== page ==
RALEIGH — Against the backdrop of a cheering crowd and the squeak of sneakers on hardwood floors, Charlene Torrest wiped away tears.
Minutes before, Torrest, 68, of Raleigh had been one of about 120 breast-cancer survivors recognized at halftime Sunday during North Carolina State University’s Hoops 4 Hope women’s basketball game against Georgia Tech.
Ten months ago, Torrest said, she couldn’t manage to stand, much less walk across a room.
“It’s like a war,” she said. “You’re sick. You’re vomiting. You just focus on putting one foot in front of the other. You just keep going through the pain.”
Through game ticket proceeds, merchandise sales, a silent auction and donations, the Hoops 4 Hope event raised more than $38,000 for the Kay Yow Fund to be used for cancer research and prevention. The cancer fund is special for N.C. State students and fans because it bears the name of former NCSU women’s basketball coach Kay Yow, who died of the disease in 2009.
This year’s game wasn’t Torrest’s first Hoops 4 Hope game. But it was her first as a cancer survivor.
During the past year, Torrest has gone through surgery, chemotherapy and radiation to fight stage II breast cancer. She was diagnosed at age 67 through a mammogram during her annual gynecologist visit. She tells all her friends and women she meets to make sure never to skip their annual exams.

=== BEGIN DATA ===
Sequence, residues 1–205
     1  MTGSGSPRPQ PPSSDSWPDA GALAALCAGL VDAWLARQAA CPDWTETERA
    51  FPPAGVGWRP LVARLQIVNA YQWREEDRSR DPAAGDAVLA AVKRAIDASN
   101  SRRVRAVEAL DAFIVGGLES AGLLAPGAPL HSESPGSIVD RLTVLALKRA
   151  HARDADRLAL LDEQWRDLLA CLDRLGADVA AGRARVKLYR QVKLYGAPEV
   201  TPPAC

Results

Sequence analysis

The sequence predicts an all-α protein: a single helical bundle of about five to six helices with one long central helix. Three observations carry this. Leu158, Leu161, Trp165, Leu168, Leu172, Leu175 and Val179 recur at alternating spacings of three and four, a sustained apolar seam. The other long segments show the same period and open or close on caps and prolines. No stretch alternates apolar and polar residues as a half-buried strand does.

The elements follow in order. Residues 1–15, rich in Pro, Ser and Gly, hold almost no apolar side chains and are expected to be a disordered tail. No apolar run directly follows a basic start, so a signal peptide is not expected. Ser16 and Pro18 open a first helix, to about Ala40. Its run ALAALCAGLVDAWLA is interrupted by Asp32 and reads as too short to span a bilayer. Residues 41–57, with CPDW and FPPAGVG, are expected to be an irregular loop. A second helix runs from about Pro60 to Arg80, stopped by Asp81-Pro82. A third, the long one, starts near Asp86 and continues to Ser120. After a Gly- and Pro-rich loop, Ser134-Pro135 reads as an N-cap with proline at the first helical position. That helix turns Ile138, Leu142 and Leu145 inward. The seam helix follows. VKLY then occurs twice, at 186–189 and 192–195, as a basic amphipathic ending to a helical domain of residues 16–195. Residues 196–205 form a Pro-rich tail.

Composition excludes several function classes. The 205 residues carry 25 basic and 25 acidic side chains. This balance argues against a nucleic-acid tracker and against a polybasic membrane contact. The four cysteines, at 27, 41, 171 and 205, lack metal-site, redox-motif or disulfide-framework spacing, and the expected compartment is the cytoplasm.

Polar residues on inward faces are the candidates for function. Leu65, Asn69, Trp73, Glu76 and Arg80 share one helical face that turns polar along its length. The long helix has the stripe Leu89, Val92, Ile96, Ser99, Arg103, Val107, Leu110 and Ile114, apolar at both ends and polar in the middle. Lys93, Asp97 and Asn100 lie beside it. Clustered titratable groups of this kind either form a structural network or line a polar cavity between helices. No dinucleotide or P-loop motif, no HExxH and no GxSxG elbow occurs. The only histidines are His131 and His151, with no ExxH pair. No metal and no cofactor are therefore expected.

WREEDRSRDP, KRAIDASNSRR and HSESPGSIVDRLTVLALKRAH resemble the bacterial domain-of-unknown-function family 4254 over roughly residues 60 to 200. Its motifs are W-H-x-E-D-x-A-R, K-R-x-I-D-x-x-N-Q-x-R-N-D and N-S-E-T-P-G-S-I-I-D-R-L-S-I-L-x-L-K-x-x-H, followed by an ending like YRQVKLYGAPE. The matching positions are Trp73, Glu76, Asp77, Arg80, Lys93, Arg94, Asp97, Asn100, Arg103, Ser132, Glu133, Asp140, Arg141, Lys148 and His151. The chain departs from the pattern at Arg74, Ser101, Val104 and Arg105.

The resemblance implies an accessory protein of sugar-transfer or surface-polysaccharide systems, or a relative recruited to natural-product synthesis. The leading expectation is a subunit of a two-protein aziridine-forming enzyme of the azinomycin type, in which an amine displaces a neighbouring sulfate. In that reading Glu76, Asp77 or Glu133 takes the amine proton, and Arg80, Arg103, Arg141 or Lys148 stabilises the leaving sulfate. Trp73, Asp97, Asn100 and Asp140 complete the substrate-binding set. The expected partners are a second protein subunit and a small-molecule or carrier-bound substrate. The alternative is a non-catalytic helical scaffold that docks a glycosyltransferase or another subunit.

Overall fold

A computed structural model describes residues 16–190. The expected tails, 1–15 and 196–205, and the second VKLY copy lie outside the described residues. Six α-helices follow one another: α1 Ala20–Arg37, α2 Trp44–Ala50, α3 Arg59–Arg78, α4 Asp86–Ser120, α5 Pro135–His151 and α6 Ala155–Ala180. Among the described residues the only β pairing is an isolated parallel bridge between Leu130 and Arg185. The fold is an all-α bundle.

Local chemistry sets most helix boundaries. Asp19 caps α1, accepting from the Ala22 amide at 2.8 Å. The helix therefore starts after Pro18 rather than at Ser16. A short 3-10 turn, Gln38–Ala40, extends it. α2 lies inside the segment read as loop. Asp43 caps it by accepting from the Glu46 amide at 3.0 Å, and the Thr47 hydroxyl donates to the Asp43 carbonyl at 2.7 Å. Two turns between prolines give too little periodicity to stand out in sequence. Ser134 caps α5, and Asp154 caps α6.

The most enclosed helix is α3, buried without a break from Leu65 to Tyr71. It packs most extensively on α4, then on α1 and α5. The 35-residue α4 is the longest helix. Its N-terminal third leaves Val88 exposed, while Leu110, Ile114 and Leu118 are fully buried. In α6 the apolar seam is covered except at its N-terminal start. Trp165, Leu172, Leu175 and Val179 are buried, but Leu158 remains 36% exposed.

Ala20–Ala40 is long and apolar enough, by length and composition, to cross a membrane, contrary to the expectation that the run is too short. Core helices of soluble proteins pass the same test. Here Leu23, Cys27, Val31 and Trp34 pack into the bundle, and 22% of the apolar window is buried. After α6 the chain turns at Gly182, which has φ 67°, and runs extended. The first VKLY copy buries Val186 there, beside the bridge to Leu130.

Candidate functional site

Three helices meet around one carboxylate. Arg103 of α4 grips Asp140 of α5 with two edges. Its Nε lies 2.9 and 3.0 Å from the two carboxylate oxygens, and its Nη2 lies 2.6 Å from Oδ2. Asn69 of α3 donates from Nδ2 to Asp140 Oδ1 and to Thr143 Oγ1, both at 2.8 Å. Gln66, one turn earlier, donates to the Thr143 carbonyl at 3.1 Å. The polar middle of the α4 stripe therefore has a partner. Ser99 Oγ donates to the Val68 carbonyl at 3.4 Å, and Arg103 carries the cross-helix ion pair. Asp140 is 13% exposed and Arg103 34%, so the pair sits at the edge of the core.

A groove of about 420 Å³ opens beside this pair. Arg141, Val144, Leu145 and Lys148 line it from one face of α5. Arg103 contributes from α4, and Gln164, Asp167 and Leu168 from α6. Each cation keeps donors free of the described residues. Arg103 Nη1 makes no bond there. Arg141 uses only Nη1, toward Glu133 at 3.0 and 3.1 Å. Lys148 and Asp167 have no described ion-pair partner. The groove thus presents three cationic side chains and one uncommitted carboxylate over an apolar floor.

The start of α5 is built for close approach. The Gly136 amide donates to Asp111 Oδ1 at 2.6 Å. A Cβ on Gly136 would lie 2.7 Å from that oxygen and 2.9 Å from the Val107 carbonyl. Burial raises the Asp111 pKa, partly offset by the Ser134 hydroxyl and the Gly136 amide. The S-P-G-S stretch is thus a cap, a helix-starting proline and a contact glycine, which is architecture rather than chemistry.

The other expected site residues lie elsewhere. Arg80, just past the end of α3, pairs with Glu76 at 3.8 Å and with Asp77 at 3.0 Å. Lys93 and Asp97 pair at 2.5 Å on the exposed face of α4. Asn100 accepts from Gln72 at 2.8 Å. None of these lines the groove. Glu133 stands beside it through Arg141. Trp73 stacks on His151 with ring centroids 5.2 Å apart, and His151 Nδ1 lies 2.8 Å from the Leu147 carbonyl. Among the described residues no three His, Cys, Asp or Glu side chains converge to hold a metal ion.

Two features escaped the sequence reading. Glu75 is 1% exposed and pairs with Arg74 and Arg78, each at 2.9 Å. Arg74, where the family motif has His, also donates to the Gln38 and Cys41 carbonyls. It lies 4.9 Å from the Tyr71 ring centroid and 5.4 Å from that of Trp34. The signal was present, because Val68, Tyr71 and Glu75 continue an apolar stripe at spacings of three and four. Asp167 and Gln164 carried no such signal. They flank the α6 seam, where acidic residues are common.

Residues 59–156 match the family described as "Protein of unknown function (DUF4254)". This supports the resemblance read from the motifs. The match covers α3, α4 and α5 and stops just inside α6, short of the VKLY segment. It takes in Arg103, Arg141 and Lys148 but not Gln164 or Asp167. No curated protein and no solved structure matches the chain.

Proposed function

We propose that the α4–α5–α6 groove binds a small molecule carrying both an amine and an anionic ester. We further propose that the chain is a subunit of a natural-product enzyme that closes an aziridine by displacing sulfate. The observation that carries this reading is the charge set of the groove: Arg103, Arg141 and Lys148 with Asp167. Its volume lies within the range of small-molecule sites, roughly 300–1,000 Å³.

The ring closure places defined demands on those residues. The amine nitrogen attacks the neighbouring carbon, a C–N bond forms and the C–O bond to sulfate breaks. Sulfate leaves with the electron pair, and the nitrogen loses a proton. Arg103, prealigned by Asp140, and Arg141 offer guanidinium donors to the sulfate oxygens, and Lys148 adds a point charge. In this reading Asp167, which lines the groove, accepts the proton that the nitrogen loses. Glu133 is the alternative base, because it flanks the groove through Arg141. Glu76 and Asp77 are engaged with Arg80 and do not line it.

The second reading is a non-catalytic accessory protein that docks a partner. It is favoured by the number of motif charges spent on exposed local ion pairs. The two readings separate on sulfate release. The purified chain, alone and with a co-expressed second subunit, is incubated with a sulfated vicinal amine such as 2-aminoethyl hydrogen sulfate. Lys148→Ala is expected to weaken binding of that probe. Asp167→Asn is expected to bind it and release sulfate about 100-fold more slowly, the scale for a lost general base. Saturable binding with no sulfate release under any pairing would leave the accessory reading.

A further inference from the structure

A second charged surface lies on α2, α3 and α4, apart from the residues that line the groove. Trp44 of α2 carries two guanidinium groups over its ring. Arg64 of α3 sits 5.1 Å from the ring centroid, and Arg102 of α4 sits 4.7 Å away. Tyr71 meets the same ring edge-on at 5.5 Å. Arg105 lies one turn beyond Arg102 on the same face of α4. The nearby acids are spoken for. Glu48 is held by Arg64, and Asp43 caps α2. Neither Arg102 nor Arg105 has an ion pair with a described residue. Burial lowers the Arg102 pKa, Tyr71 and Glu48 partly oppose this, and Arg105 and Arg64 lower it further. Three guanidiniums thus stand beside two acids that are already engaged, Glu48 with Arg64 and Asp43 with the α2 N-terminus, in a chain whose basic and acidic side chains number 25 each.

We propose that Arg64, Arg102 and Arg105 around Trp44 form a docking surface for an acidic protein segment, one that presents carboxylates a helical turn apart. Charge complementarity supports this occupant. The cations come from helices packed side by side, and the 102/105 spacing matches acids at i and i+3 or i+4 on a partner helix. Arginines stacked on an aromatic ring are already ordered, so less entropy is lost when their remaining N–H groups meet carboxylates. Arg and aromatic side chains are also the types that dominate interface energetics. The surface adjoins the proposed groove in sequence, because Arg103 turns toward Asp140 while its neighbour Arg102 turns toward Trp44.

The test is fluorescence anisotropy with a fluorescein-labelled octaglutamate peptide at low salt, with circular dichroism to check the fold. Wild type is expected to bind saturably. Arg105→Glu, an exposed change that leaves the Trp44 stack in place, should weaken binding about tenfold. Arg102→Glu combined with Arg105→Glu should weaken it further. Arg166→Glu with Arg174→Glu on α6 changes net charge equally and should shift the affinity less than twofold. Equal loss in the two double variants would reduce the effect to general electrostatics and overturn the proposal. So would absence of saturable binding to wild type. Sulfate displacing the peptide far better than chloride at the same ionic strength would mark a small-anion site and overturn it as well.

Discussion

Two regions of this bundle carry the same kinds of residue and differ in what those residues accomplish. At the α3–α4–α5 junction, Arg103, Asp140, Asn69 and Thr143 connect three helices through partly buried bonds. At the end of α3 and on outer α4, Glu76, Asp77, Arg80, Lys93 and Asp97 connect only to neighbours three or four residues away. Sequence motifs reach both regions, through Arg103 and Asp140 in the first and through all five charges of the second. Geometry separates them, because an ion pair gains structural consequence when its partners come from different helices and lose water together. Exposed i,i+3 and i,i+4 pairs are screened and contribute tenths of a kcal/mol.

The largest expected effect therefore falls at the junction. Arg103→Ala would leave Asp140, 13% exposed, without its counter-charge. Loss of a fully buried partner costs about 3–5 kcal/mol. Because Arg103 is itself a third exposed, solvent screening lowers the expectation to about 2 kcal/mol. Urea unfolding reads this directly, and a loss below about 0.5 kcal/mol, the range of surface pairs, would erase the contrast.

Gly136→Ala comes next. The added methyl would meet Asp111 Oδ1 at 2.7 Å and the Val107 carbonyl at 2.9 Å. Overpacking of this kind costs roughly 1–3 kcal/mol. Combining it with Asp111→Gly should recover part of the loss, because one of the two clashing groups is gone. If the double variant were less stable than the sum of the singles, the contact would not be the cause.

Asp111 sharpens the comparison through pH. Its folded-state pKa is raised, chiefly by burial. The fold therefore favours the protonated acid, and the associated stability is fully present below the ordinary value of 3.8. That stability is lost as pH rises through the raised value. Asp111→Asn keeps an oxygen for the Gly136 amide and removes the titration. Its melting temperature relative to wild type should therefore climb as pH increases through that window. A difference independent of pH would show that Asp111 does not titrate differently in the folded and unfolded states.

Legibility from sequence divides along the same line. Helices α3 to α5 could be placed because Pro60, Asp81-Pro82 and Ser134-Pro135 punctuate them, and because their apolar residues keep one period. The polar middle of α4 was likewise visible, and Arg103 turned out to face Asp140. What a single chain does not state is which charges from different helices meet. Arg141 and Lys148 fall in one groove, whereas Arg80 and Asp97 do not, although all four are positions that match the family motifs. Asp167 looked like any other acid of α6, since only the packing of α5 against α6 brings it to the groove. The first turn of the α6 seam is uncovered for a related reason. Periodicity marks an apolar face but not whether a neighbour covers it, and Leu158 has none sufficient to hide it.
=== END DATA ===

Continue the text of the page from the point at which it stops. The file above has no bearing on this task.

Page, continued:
Now Torrest said she is still going through chemotherapy, but feels healthier and more energetic. She’s even started playing tennis again. Watching the other breast-cancer survivors gathered during halftime was inspiring, especially those with 15 years or more in the fight or in remission, Torrest said.
N.C. State lost the game 70-79.
“A disappointing loss for the Wolfpack, but a victory for the Kay Yow Cancer Fund,” said Sue Donohoe, executive director of the Kay Yow Foundation.
“Every dollar we raise is a dollar closer to a cure,” she said.
Since the fund started in 2007, it has given $2.5 million in grants for scientific research and related programs all over the country. Rex Healthcare Foundation won a grant in 2012 for its new mobile mammography unit, and the University of Colorado’s Cancer Center won a grant for its research into the prevention of postpartum and pregnancy-associated cancers.
Finding a cure gives hope to survivors like Joyce Yeager, 56, of Raleigh who after eight years of being cancer-free found out in September that an escaped cell from her breast cancer had spread to her colon.
“The awareness this event brings is really important. Because I want there to be a cure soon,” she said. “The only way there’s going to be a cure is if we can fund the research. And the way to fund the research is through donations.”